A sketch of a person running away from many eyes of various sizes.
This image was taken from an article on planetneurodivergent.com by Sophie Zadeh. Please read for more perspective on this and related topics.

The interview . . . the chance for face-to-face engagement . . . to assess and share knowledge, skills, excitement, “fit.” We use it for so many reasons including acceptance into a program, a school, a job—to award a scholarship, grant, fellowship—to acquire an internship, a research experience, a leadership position, campus employment. These are often the way into, through, and to opportunities in academia. We collectively “know” different people excel in this format no matter if you are the interviewing committee or the person preparing for the interview. Students prepare to do well in this format, often seeking out advice from mentors, advisors, and career centers. We attempt to be graceful in this format, acknowledging varying interview comfort level and strengths.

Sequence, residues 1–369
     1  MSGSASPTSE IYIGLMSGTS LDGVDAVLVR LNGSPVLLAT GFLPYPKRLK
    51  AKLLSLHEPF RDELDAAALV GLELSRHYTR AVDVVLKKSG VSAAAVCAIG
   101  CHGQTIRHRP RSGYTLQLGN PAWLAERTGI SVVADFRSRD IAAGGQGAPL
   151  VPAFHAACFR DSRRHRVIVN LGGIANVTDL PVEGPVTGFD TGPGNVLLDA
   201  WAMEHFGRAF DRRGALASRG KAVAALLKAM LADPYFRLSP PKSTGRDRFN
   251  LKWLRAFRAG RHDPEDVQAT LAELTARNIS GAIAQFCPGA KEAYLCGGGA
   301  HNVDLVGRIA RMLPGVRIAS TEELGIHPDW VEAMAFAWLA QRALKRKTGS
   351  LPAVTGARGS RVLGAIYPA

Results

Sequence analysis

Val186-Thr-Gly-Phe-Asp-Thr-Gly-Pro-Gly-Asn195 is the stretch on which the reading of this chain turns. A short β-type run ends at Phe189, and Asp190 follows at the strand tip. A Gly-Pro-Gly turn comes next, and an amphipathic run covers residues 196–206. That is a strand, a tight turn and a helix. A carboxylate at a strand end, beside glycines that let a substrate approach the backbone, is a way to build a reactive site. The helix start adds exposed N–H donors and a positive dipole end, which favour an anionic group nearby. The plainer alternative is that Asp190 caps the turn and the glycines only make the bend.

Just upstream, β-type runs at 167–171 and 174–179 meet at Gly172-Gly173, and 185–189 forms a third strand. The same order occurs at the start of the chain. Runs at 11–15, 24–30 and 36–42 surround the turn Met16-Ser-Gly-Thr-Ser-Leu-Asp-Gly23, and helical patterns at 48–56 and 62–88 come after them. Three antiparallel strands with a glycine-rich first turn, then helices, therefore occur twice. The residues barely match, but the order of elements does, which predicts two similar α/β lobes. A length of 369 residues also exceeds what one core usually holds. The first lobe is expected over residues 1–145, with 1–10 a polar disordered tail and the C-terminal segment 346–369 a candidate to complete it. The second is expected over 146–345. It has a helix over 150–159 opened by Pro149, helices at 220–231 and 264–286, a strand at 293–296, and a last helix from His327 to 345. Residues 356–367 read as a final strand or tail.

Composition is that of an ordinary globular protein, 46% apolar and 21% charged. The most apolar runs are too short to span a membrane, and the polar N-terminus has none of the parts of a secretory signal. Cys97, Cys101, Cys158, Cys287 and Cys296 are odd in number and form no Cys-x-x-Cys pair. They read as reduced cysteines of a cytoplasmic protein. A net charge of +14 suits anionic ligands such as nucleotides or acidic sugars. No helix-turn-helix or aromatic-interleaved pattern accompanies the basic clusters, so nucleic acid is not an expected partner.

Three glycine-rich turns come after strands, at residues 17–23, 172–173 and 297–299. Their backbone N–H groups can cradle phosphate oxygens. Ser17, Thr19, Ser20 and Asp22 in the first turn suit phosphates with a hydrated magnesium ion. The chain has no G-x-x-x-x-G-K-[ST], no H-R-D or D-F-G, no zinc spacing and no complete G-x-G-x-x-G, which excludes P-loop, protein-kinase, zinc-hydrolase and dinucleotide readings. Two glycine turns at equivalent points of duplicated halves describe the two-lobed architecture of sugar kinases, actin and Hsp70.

I have been part of the interview process for various opportunities including awarding academic scholarships and prestigious research awards, hiring faculty and administrators new to campus or in new roles on campus, and admitting students into clinical health programs, to name a few. Some of these interviews are in the style of getting to know the person and their work and others are more scenario- or ethics-based to see how a person responds to a prompt. There are ways to prepare or study for interviews—in fact there are 56+ pages of books on this topic available on a quick Amazon search, so that is overwhelming. However, people who can think quickly on their feet, read the room, and articulate ideas clearly are going to typically have a leg up in any interview format. There is evidence both anecdotal and in research that the interview isn’t a very great way to determine the best candidate (Laskow 2013; Farnam Street, n.d.). I am sure all of us can name many situations when the interview went well, and then after the performance didn’t match the promise. Do we have examples of when the interview was terrible, the person was chosen anyway, and the after was phenomenal? Likely few if any examples because a bad interview often serves as a gatekeeper.